What Is Hepatitis?
Hepatitis is a condition where your liver becomes inflamed. It’s usually caused by a virus such as Hepatitis A, Hepatitis B or Hepatitis C.
Hepatitis A is a viral infection that inflames your liver. It is not a sexually-transmitted disease and does not result in chronic liver inflammation. There is a vaccine you can get to prevent contracting Hepatitis A.
Hepatitis B is a viral infection that can be an acute, short-term disease for some, but can be a lifelong chronic infection for others. You can get Hepatitis B from oral, vaginal and anal sex. It’s 100 times easier to transmit Hepatitis B than it is to transmit HIV. There is a vaccine available to protect you from Hepatitis B.
While the Hepatitis C virus can cause acute, short-term hepatitis, it most often causes chronic, long-term hepatitis that becomes a serious lifelong illness. There is no vaccine for Hepatitis C, but there is medication available.
The remainder of this article will focus on Hepatitis C, since you can easily prevent Hepatitis A and B by getting vaccinated.
How Do You Get Hepatitis C?
You get the Hepatitis C virus by exchanging blood with someone who has the virus. The most common way Hepatitis C is contracted is through intravenous drug use and sharing a needle with someone who has the virus. While it’s possible to get Hepatitis C from having sex, it’s not very common.
People born between 1945 and 1965 are five times more likely to have Hepatitis C because there were no tests that could identify the disease in donated blood. Anyone who received a blood transfusion might have contracted the disease from that procedure. There are tests today that screen for Hepatitis C in donated blood.
How Do You Know If You Have Hepatitis C?
Most people with Hepatitis C don’t experience any symptoms until they develop chronic liver disease. Some people have general symptoms such as fatigue and depression. Many people find out they have Hepatitis C during a blood donation screening or during a routine examination when their liver enzymes are elevated.
The only way to know for sure if you have Hepatitis C is to get tested.
Can You Treat or Cure Hepatitis C?
There is medicine available that can cure Hepatitis C in about 95 percent of cases. It’s a pill that contains two drugs that prevent the virus from replicating. Patients with Hepatitis C take the pill once a day for eight to 12 weeks. The cost, however, is almost $9,000 per pill.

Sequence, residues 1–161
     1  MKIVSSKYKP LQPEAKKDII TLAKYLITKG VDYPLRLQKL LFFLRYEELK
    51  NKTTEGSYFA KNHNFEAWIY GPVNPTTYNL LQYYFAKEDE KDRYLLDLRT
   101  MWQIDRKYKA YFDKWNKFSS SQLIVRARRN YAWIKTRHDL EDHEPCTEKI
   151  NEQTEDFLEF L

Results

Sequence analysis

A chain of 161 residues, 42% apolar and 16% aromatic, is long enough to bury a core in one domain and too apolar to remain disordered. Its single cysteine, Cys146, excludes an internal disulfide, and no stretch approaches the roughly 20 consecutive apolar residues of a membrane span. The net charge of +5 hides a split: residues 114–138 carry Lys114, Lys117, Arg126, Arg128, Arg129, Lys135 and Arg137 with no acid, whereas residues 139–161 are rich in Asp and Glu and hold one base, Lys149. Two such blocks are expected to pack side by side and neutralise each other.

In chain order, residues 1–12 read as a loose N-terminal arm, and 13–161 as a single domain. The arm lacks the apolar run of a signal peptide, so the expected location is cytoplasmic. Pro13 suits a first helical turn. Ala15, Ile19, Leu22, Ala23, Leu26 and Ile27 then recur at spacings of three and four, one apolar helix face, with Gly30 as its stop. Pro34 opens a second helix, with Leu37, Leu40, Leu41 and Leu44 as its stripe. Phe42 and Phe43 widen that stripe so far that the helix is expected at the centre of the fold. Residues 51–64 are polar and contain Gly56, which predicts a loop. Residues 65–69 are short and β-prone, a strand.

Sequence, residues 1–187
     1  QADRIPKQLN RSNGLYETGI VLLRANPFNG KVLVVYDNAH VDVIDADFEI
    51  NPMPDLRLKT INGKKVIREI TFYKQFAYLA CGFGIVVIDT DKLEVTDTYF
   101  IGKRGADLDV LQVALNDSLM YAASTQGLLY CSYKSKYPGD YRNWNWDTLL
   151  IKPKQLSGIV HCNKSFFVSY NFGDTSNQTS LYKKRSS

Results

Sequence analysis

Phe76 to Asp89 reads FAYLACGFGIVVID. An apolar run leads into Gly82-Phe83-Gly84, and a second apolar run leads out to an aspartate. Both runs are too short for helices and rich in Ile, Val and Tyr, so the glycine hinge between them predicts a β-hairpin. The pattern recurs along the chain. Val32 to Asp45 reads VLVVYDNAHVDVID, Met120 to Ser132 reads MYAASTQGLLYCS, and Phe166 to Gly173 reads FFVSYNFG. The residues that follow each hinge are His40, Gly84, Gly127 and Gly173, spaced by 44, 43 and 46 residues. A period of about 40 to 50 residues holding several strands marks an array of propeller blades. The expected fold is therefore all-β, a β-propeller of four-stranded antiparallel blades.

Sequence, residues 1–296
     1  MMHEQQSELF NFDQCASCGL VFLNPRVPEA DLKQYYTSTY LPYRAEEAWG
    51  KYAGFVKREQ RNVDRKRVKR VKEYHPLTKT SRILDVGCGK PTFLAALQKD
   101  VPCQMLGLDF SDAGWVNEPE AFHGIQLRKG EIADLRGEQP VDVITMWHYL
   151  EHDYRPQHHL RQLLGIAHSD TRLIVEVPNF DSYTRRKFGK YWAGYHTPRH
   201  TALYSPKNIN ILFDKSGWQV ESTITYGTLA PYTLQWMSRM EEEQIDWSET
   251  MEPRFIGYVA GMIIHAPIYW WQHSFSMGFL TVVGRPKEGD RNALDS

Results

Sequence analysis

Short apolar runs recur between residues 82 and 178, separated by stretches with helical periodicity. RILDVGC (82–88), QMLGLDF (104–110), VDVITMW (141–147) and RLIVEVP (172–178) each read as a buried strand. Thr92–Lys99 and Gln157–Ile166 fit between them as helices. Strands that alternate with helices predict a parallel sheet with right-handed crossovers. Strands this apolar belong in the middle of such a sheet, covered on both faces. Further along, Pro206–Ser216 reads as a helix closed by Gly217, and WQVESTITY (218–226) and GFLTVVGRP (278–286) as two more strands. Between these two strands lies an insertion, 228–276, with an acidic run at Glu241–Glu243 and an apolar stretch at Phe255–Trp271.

Is Hepatitis C Dangerous?
Yes. About two-thirds of people who get Hepatitis C suffer chronic infection and are at risk of cirrhosis, liver failure and liver cancer. In 2015, there were approximately 1.34 million deaths globally due to Hepatitis B and Hepatitis C.
Can You Prevent Hepatitis C?
Avoiding the risky behaviors that can lead to contracting Hepatitis C, such as sharing needles with intravenous drug use and having sex with multiple partners, is the best way to avoid getting Hepatitis C. For sexually-active adults, properly using a condom is a highly-effective preventative measure.
How Do You Test for Hepatitis C?
Blood tests are used to detect Hepatitis A, B and C. For Hepatitis C, the first blood test checks for antibodies to the virus, which means you’ve been exposed to the virus in the past. The second blood test determines what type of Hepatitis C you have and how much of the virus is in your blood.
Both blood tests are important because about 15 to 25 percent of people who contract Hepatitis C fight the virus naturally and eliminate it from their bodies within six months. They would have a positive antibody test, but the second blood test would reveal that the virus was not detectable in their blood.
Can I Get an Anonymous Hepatitis C Test?
If you test positive for Hepatitis C, medical professionals are required by law to report you and your personal information to the state health department, who in turn report the information to the U.S. Center for Disease Control and Prevention (CDC). To protect your identity, you can follow the instructions in our Guide to Anonymous STD Testing to get an anonymous test.
How Can I Find Out More About Hepatitis?
The CDC has a wealth of information about Hepatitis C and about all forms of Hepatitis.